Non‐antistreptococcal interventions for acute guttate psoriasis or an acute guttate flare of chronic psoriasis New
Guttate psoriasis displays distinctive epidemiological and clinical features, making it a separate entity within the heterogeneous group of cutaneous psoriasis types. It is associated with genetic, immune, and environmental factors (such as stress and infections) and usually arises in younger age groups (including children, teenagers, and young adults). There is currently no cure for psoriasis, but various treatments can help to relieve the symptoms and signs. The objectives of treatment when managing an acute flare of guttate psoriasis are to reduce time to clearance and induction of long‐term remission after resolution. This is an update of a Cochrane Review first published in 2000; since then, new treatments have expanded the therapeutic spectrum of systemic treatments used for psoriasis.Objectives
To assess the effects of non‐antistreptococcal interventions for acute guttate psoriasis or an acute guttate flare of chronic psoriasis.Search methods
We searched the following databases up to June 2018: the Cochrane Skin Specialised Register, CENTRAL, MEDLINE, Embase, and LILACS. We searched five trials registers and checked the reference lists of included studies for further references to relevant randomised controlled trials. We checked the proceedings of key dermatology conferences from 2004 to 2018, and also searched for trials in the US Food and Drug Administration (FDA) database for drug registration.Selection criteria
All randomised controlled trials assessing the effects of treatments for acute guttate psoriasis or an acute guttate flare of chronic psoriasis clinically diagnosed in children and adults. This included all topical and systemic drugs, biological therapy, phototherapy (all forms: topical and systemic), and complementary and alternative therapies. We compared these treatments against placebo or against another treatment. We did not include studies on drugs that aim to eradicate streptococcal infection. We did not include studies when separate results for guttate psoriasis participants were not available.Data collection and analysis
Two review authors independently assessed study eligibility and methodological quality and extracted data. We used standard methodological procedures expected by Cochrane. Our primary outcomes were 'percentage of participants clear or almost clear (i.e. obtaining Psoriasis Area Severity Index (PASI) 100/90 and/or Physician's Global Assessment (PGA) of 0 or 1)' and 'percentage of participants with adverse effects and severe adverse effects'. Our secondary outcomes were 'number of relapses of guttate psoriasis or flares within a period of six months after the treatment has finished', 'percentage of participants achieving a PASI 75 or PGA of 1 or 2', and 'improvement in participant satisfaction measures and quality of life assessment measures'. We used GRADE to assess the quality of the evidence for each outcome.Main results
This review included only one trial (21 participants), which compared fish oil‐derived (n‐3) fatty acid‐based lipid emulsion (50 mL per infusion (1.05 g eicosapentaenoic and 10.5 g docosahexaenoic acid)) (10 participants) to soya oil‐derived (n‐6) fatty acid‐based lipid emulsion (50 mL per infusion (1.05 g eicosapentaenoic and 10.5 g docosahexaenoic acid)) (11 participants) administered intravenously twice daily for 10 days, with a total follow‐up of 40 days. The study was conducted in a single centre in Germany in 18 men and three women, aged between 21 and 65 years, who were in hospital with acute guttate psoriasis and had mean total body surface involvement of 25.7% ± 20.4% (range 10 to 90). The study was funded by a company that produces the oil emulsions. We found no other evidence regarding non‐antistreptococcal interventions used in clinical practice for guttate psoriasis, such as topical treatments (corticosteroids, vitamin D₃ analogues), systemic drugs, biological therapy, and phototherapy.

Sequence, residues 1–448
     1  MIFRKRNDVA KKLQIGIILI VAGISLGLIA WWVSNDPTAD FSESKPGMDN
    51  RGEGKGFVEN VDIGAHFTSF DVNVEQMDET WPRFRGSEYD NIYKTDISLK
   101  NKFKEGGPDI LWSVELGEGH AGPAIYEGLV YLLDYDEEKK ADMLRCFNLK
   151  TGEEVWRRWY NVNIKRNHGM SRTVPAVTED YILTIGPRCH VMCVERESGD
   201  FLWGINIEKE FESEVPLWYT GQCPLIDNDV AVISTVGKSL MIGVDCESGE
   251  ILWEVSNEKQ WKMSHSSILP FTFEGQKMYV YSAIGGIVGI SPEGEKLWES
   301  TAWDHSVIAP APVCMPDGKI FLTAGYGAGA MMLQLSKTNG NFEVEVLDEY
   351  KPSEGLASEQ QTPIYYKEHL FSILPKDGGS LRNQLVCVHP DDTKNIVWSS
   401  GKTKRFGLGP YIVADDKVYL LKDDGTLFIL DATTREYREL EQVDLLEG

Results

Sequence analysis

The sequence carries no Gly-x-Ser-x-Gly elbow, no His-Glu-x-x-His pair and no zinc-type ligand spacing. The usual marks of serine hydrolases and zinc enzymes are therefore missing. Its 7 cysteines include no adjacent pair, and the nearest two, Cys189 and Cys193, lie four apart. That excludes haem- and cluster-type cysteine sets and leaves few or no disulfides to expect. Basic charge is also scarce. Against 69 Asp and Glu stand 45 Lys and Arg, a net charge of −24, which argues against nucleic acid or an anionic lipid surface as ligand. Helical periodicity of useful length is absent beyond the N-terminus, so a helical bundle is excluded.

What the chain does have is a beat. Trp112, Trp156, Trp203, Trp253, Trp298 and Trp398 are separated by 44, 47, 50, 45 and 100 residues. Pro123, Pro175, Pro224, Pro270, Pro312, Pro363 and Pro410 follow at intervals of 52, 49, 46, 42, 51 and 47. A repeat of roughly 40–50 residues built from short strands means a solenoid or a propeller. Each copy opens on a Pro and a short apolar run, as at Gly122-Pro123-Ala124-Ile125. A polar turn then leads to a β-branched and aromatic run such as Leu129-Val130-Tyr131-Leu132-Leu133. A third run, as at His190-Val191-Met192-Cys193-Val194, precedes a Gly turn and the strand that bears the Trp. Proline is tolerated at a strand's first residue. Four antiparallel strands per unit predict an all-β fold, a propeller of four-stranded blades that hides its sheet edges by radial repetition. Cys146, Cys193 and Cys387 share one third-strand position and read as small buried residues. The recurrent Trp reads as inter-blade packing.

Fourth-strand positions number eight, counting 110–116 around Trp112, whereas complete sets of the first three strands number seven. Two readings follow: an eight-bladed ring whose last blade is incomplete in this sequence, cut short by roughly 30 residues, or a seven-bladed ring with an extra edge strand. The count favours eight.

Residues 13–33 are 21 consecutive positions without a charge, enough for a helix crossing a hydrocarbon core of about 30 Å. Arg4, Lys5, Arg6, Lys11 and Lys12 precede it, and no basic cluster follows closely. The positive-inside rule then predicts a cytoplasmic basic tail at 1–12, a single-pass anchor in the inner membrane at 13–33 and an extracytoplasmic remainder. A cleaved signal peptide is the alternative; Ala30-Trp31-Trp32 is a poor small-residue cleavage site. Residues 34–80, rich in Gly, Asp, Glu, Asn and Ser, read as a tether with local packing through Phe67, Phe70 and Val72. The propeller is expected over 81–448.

The primary outcomes of the review were not measured, and only one of our secondary outcomes was measured: improvement in participant satisfaction measures and quality of life assessment measures. However, the study authors did report that there was rare skin irritation at the site of peripheral intravenous route, but the number of affected participants was not provided.
Improvement between baseline and day 10, using a non‐validated score assessed by participants themselves daily based on five items (appearance of lesions, impairment of daily life, pruritus, burning, and pain), was greater in the group that received the fish oil‐derived (n‐3) fatty acid‐based lipid emulsion (75%) than in the group receiving the soya oil‐derived (n‐6) fatty acid‐based lipid emulsion (18%) (one trial, 21 participants). However, these results are uncertain as they are based on very low‐quality evidence.Authors' conclusions
There is no evidence regarding topical and systemic drugs, biotherapy, or phototherapy in guttate psoriasis (we did not consider drugs that aimed to eradicate streptococcal infection because these are assessed in another Cochrane Review). We are uncertain of the effect of intravenously administered lipid emulsion on guttate psoriasis because the quality of the evidence is very low, due to risk of bias (unclear risk of bias for all domains), indirectness (the trial only included adults, and the follow‐up from baseline was only 10 days), and imprecision (small number of participants).
This review highlights the need for trials assessing the efficacy and safety of phototherapy and topical and systemic drugs for guttate psoriasis. There is also a need for studies that clearly distinguish the specific population with guttate psoriasis from the larger group of people with chronic plaque psoriasis, and children and young adults should be assessed as a distinct group.